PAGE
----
Find the right route into the NHS for your business with MedCity's top tips
Get to know the NHS landscape
…including the different organisations and the role each plays. Understand the demand and priority areas for the NHS to ensure that your product or service aligns to demand.
Watch this short video from the King’s Fund on The New NHS, which gives a great overview of the key players
Do your market research
What already exists on the market that targets your audience, therapy area or usage? What is your unique differentiator?
Understand the multiple entry points
If you are a clinician or work within a particular NHS Trust, start there or use your local Academic Health Science Network connections.
This map from East Midlands AHSN shows the geographical coverage of the AHSNs. This table illustrates AHSN responsibilities.
Use practitioners and influencers
If you aren’t connected with a Trust, establish sponsorship or collaboration early with health practitioners and influencers, such as Clinical Commissioning Group contacts and Trust procurement or commercial managers, who know the system in your area. To find contacts:
- If your product or service benefits a patient pathway or clinical outcome, advice or clinician expertise and sponsorship can be sought through the contacts listed on nihr.ac.uk. This is an NIHR service primarily for clinical trials, however clinician expertise runs across general research and therapy interests.
- Search nihr.ac.uk/default.aspx for clinical trials already ongoing to understand which hospitals are involved in research relating to your product or service and therefore interested in the area.
- A free resource to access latest scientific publications and authors aligned to your speciality area is amedeo.com/about.php. Authors can be approached for support or partnership.
- Approach a hospital health charity, which may be able to help with funding and clinician support if your idea fits with their areas of focus: assoc-nhs-charities.org.uk/site/about-us.html
- Attend networking events
Understand commissioning and procurement
Work with sponsors, partners and influencers to understand commissioning and business planning cycles and tender thresholds, which vary between Trusts. The higher the risk and value, the more formal the process, and working with a specialist procurement advisor is advisable. Timelines are generally long, and persistence and follow up is vital.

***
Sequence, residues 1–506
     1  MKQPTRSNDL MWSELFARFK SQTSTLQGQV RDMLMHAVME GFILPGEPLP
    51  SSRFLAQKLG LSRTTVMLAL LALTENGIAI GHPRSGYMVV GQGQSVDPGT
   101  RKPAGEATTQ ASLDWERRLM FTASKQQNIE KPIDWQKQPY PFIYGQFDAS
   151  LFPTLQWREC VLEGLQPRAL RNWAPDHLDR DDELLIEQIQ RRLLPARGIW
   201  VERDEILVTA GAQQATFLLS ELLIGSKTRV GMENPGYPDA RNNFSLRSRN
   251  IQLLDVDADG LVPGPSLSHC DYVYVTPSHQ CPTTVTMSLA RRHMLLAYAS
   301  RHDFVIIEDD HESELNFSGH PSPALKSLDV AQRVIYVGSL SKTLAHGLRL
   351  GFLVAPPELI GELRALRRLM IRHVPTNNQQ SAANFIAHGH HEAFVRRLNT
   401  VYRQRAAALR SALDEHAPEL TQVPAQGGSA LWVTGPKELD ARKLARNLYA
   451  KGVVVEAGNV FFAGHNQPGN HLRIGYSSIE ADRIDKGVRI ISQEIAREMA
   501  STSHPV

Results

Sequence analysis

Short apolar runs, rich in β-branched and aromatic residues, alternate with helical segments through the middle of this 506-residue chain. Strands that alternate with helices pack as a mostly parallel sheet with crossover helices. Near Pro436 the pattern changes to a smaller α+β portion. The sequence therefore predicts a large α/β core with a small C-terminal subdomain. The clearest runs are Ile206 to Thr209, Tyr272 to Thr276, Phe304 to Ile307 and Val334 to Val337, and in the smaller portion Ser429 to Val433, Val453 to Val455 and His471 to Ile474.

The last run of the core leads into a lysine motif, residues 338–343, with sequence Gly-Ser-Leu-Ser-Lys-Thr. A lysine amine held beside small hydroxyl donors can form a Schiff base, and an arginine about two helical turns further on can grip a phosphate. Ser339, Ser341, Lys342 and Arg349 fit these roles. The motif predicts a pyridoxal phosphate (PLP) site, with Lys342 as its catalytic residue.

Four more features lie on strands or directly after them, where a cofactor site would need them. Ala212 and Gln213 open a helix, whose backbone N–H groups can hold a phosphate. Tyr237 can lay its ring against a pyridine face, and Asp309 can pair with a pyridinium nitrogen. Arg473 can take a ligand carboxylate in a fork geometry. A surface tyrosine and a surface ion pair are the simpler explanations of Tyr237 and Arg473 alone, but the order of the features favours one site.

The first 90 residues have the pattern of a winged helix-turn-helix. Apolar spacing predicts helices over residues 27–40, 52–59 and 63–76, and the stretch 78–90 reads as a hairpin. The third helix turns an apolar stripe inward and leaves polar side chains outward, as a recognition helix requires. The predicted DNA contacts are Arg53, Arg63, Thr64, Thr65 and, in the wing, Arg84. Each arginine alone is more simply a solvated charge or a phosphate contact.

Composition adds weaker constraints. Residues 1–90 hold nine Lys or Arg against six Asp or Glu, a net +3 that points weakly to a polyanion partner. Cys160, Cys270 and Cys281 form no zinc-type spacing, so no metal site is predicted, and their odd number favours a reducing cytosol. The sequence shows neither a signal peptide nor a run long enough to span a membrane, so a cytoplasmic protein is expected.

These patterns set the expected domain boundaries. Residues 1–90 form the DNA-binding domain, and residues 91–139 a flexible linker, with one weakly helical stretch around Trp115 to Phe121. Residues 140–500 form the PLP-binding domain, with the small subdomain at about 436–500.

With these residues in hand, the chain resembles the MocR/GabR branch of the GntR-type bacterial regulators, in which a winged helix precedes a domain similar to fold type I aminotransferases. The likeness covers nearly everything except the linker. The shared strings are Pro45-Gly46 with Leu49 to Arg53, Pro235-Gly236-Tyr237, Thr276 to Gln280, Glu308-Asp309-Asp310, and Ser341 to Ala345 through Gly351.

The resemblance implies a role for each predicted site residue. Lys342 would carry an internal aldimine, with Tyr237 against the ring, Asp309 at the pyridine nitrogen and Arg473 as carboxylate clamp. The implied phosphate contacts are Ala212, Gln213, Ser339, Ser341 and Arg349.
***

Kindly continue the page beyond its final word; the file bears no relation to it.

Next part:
As public sector bodies, CCGs, Trusts and Arms Length Bodies (ALBs) and others are all subject to EU procurement rules. If the value of your solution is under the threshold, the organisation’s Standing Financial Instructions will describe the approvals and procurement process for different values of purchase. SFIs are normally published on the organisation’s website, and if you have a contact in the organisation, they will need to access and follow these to go through the buying process.
Design a pilot or case study
…and make sure it has the information to get payers interested. Include data that demonstrates efficiency, efficacy, quality, and improved patient experience and clinical outcomes. Contact the NIHR’s resource design service.
Avoid unpaid pilots
If unpaid pilots are the only way to trial your product then negotiate an agreement that ensures payback based on results, this helps to get sponsorship – health charities that work directly with NHS Trusts may offer more flexibility. A small value pilot might also mean less formal approval routes under the organisation’s SFIs, helping you to generate evidence and the buyer to test out the benefits and change implications of your solution.
If your product is digital
…also consider issues of interoperability, data privacy and security, which a purchaser may raise. Some digital services will fall under the rules for CE marking, so check with the MHRA. The BSI has recently consulted on a Publicly Available Specification for health applications, which is expected to be published in April 2015; consider using this as a quality guide.
Don’t underestimate change management
Successful adoption of innovation requires people and institutions to work and think differently. Be persistent, seek change agents within the organisation you are targeting, and demonstrate value and benefit throughout the journey. Be prepared to repeat the process within other Trusts – don’t assume they talk to each other.